The story below is from our September/October 2015 issue. For the DIGITALLY ENHANCED VERSION, download our FREE iOS app or view our digital edition for FREE today!
Junius Crowgey is no longer a tri-athlete, but he’s still quite active at 91.
When Dr. Junius Crowgey appeared on The Roanoker’s November 1985 cover, it was as “A ‘Super’ Man” which rhymes pretty closely with “Superman,” something many thought him to be. This 61-year-old tri-athlete was the very picture of conditioning, and Greg Vaughn’s color photos inside bore that out in a literal sense. Editor Kurt Rheinheimer, who wrote the story, recently called Crowgey “my hero.”
That year, Crowgey was one of a meager 21 people to finish the difficult 72-mile Star City Triathlon (biking, running, swimming) and was one of but four participants who took part in the previous two events. He was a serious runner, one who kept at it for years after reaching an age when many are resting their aftermarket joints in comfy rocking chairs. He also regularly rode his bike 100 miles on Saturdays.
He was 91 in August and quit running nine years ago when he had a heart attack “that blind-sided me” that would have had little damage had it been treated in time.
“I’d still be running,” he says. But alas, delays left him with congestive heart failure and he resigned himself to walking his regular 2.5-mile course near his home, close to Lewis-Gale Hospital.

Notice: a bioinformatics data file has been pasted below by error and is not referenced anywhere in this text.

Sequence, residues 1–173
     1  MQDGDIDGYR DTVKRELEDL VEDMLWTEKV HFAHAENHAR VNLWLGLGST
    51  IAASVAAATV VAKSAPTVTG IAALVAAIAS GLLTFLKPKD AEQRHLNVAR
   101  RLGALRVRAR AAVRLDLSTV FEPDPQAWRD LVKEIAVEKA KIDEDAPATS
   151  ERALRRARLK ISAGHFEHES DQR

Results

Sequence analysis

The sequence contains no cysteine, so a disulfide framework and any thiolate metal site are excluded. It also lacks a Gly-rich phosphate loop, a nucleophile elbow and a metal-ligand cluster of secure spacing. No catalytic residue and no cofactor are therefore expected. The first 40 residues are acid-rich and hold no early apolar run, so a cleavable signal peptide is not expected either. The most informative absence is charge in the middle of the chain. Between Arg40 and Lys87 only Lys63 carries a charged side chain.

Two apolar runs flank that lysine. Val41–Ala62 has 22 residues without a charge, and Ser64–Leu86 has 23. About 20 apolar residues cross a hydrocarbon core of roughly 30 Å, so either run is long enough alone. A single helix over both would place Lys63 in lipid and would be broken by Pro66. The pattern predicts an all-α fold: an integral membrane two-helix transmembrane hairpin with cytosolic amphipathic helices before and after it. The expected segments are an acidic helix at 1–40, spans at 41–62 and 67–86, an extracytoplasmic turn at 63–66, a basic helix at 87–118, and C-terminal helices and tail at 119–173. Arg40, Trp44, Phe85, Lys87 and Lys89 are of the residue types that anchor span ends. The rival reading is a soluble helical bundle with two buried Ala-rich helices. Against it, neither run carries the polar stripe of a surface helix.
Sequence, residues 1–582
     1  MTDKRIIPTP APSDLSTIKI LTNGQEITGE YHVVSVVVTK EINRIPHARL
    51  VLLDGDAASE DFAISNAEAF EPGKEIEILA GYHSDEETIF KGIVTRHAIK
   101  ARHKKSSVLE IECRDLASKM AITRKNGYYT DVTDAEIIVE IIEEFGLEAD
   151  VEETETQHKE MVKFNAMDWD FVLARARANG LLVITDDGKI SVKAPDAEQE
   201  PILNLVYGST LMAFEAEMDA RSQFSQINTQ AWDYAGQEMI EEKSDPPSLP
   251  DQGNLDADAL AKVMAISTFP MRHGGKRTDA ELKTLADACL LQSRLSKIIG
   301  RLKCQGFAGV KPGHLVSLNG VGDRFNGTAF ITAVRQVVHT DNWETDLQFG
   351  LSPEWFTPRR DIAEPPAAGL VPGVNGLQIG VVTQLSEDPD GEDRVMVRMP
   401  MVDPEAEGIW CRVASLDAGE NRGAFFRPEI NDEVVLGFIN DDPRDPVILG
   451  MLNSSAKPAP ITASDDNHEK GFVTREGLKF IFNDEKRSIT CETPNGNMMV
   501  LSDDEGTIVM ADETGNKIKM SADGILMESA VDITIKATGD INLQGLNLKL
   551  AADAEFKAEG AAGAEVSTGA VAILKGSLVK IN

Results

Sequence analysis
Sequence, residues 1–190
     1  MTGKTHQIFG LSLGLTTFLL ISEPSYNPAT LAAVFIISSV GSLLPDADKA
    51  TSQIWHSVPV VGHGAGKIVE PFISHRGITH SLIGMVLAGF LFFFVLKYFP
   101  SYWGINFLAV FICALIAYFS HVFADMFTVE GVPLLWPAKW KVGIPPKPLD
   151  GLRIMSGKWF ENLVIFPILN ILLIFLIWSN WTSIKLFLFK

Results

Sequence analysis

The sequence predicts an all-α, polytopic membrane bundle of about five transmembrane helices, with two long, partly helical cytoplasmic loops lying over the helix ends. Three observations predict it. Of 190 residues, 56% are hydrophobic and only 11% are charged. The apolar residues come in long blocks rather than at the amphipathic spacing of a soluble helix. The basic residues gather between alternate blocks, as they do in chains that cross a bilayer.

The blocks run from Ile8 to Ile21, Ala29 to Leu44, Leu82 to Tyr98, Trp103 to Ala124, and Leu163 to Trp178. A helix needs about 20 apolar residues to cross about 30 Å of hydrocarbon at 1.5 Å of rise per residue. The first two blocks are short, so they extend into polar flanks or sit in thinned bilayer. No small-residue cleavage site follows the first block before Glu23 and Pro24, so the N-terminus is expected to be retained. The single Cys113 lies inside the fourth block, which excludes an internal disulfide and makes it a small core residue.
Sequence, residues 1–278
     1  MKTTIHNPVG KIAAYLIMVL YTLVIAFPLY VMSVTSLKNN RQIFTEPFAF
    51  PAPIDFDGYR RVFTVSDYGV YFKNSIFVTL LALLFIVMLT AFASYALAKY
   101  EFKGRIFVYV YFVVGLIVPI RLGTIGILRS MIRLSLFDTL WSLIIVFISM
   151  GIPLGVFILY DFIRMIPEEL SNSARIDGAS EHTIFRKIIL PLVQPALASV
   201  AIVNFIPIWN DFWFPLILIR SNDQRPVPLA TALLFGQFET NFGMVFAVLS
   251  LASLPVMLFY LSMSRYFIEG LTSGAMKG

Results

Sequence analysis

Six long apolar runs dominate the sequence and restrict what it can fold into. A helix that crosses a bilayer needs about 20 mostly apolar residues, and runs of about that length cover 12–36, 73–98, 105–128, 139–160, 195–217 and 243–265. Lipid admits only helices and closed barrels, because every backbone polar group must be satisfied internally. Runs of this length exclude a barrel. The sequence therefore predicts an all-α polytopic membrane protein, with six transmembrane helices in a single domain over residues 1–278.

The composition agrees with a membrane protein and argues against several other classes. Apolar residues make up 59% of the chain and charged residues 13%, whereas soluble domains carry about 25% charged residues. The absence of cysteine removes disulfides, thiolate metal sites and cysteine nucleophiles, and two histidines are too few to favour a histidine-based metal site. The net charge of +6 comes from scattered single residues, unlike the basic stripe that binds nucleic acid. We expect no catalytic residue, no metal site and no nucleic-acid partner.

It is a woodsy home he’s lived in 40 years and one that was built the year he was born. He has been married to Mary Beth, his second wife, for 20 years and he is 23 years older than she.
“I had not intended to be married again,” he says, smiling and glancing at his attractive spouse. Together they have three sons (his), three daughters (hers) and nine grandkids (theirs).
Crowgey has been retired since he was 70 and he basically went out kicking and screaming.
“I should have had another 10 years” of practice as an ophthalmologist, he says, but a consulting firm his medical group hired set a mandatory retirement age and he had to comply. “I was too young to retire,” he grouses.
He is hardly a frail old man and he says, “I miss the dickens out of” running. And through all his many years of high-level athleticism, Crowgey has retained all his original-equipment joints in an age when replacement is routine.
He and Mary Beth have concentrated over the years on planting trees, being responsible for 12,000 so far (including 3,000 that they planted with their own hands).
How to live long? Know what’s in your genes and pay attention to what your body’s telling you. And, yes, watch the diet and pursue the exercise. All simple stuff, at least for Superman and Junius Crowgey.